Canon Has Been Laying the Groundwork for a Strong Mirrorless System Right Under Our Noses

Canon Has Been Laying the Groundwork for a Strong Mirrorless System Right Under Our Noses

Rewind back to 2013. Mirrorless cameras are in full swing, gobbling up the low and prosumer ends of the market, and amidst all the fuss, Canon puts out its prosumer offering, a seemingly tepid update to the 60D, the 70D.

Olympus launched its pro model that year, the OM-D E-M1, Panasonic released its smallest model, the Lumix GM1, and Sony announced the birth of their now-flourishing full-frame mirrorless system cameras with the a7. Canon’s only offering in that space was the EOS M, which had pretty slow autofocus and didn’t really win the hearts and minds of consumers.

On the surface, neither did the 70D, but hindsight being 20/20, we should have recognized it for what it was: Canon’s true first, and actually quite good, foray into mirrorless cameras, except that it had a mirror.

I’ll explain. Buried in the spec sheet of the 70D was a revolutionary autofocus system designed specifically for live view, and by extension, the electronic viewfinder of a mirrorless camera, such as the recently announced EOS R. To that point in 2013, most mirrorless systems used contrast-based autofocus systems to focus right off the sensor, or pixels scattered across the sensor for phase detection duties. That said, one of the biggest advantages to focusing on the sensor directly is accuracy. Mirrorless systems generally had more accurate focusing because there was no optical viewfinder to gum up the works.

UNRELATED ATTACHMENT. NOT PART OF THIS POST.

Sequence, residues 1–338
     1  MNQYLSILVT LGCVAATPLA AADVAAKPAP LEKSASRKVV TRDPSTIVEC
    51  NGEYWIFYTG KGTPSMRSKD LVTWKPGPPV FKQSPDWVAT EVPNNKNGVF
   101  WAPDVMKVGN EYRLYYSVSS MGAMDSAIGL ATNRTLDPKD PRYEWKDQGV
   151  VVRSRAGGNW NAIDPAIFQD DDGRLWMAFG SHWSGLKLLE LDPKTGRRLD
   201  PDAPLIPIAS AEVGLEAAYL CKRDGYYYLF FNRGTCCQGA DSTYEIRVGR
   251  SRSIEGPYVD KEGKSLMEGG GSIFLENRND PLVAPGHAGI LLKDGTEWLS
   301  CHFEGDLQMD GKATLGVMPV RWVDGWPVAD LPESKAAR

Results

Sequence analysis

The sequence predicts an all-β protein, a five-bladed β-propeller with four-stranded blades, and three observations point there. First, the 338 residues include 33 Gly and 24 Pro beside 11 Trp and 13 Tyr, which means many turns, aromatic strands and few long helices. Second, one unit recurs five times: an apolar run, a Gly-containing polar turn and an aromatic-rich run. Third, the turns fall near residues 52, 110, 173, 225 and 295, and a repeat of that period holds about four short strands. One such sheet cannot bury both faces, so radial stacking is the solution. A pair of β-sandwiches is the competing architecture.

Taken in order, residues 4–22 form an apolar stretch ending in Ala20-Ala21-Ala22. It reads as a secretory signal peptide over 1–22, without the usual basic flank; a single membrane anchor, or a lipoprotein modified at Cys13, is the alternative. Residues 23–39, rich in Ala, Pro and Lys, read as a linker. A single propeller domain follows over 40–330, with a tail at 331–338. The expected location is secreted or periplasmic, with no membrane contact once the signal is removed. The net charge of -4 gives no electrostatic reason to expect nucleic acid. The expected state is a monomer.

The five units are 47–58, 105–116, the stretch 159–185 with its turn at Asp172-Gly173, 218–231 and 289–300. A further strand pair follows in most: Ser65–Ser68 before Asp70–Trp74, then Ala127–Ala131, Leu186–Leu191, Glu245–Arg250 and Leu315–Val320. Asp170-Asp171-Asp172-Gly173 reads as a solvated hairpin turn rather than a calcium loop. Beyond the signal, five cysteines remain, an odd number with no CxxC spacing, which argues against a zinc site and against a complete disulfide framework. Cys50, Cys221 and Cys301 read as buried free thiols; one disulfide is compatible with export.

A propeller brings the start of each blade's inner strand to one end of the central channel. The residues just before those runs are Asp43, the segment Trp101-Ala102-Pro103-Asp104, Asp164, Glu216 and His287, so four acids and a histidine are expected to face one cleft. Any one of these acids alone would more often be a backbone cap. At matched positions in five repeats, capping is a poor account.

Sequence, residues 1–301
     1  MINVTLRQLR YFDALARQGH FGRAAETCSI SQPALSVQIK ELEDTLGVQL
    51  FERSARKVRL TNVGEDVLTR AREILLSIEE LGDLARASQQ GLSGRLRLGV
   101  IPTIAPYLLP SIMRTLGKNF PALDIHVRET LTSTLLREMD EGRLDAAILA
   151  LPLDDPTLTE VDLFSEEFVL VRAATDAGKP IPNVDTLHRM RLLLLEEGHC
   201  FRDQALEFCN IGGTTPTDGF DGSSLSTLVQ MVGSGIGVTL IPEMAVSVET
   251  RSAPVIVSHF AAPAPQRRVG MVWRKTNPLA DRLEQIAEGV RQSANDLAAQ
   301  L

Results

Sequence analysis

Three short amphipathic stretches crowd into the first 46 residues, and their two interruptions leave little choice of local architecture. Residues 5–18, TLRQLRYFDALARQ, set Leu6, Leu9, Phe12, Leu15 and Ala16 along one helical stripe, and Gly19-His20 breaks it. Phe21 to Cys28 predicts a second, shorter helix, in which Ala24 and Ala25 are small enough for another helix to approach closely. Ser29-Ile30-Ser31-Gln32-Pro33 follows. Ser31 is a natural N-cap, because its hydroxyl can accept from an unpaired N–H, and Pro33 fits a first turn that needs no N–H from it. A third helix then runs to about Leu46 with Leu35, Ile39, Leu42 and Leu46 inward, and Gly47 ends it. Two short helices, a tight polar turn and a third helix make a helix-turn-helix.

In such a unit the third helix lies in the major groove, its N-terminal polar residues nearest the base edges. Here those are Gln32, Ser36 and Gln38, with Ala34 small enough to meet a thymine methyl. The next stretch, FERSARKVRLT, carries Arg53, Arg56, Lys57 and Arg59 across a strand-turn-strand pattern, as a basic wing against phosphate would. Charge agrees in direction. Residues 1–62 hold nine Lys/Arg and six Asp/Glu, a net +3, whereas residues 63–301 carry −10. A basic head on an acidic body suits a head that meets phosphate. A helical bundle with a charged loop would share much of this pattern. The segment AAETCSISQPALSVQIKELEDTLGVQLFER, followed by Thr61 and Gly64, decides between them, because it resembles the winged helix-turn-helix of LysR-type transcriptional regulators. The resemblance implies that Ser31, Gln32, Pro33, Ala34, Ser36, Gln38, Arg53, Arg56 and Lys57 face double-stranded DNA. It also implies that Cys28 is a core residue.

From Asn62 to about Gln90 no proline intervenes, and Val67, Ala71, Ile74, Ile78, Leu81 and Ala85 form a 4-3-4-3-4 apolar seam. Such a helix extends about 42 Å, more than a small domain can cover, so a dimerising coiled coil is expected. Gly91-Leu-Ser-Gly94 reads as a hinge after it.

Canon basically took the existing concepts of on-sensor focusing and put them on steroids; 80 percent of the EOS 70D’s sensor did duty for phase detection autofocus. It meant very fast, very accurate autofocus without the back-and-forth hunting commonly seen with contrast-based systems. The coverage was almost across the entire frame. The company accomplished this feat by splitting each pixel’s photodiode to do double duty for focusing and image-making.

This system was called “Dual Pixel CMOS AF,” which was unfortunately a term that caused many eyes to glaze over and not give the system a second look. Canon pressed on with the name and the system, though, rolling out this feature across its DSLR and cinema camera lines. The latter, along with the EOS R, gained the ability to use this system to have a manual focus assist in the form of two triangles that converge on the selected point of focus until they’re green, a very handy tool for those that want to focus on their own.

Taking Dual Pixel CMOS AF out of the DSLR and Into Mirrorless

Things got better along the way. After the 70D, the 7D Mark II added the ability to control the speed how fast the system would rack focus (though this was somewhat limited by the lack of touch-screen on this model), and both the 7D Mark II and the 70D’s successor, the 80D, gained the ability to continuously focus with Dual Pixel AF while firing off still shots. The 80D gained a significant increase in image quality compared to the 70D as well, being the next generation of Dual Pixel CMOS AF. The 1DX Mark II, 5D Mark IV, and 6D Mark II brought this speedy AF to full frame DSLR models.

Along the way, Canon decided to bring the technology to the M mirrorless line with the M5 and its successors. This was a big step for the company. No longer would you have to hold a DSLR at arm’s length and use the rear screen for focusing, you could get the same smooth focusing through the electronic viewfinder, with all the other benefits that come with that, such as being able to preview your exposure, focus peaking, and customizability. This was, in a way, the test bed for the next big thing.

There was a time when the company wouldn’t even apply the term mirrorless to their cameras, even the ones that didn’t have mirrors (like the EOS M series). Fast-forward to 2018, and the tagline right under the name on Canon’s website for the EOS R is “full-frame mirrorless camera.” Clearly, the winds are changing at the big camera companies.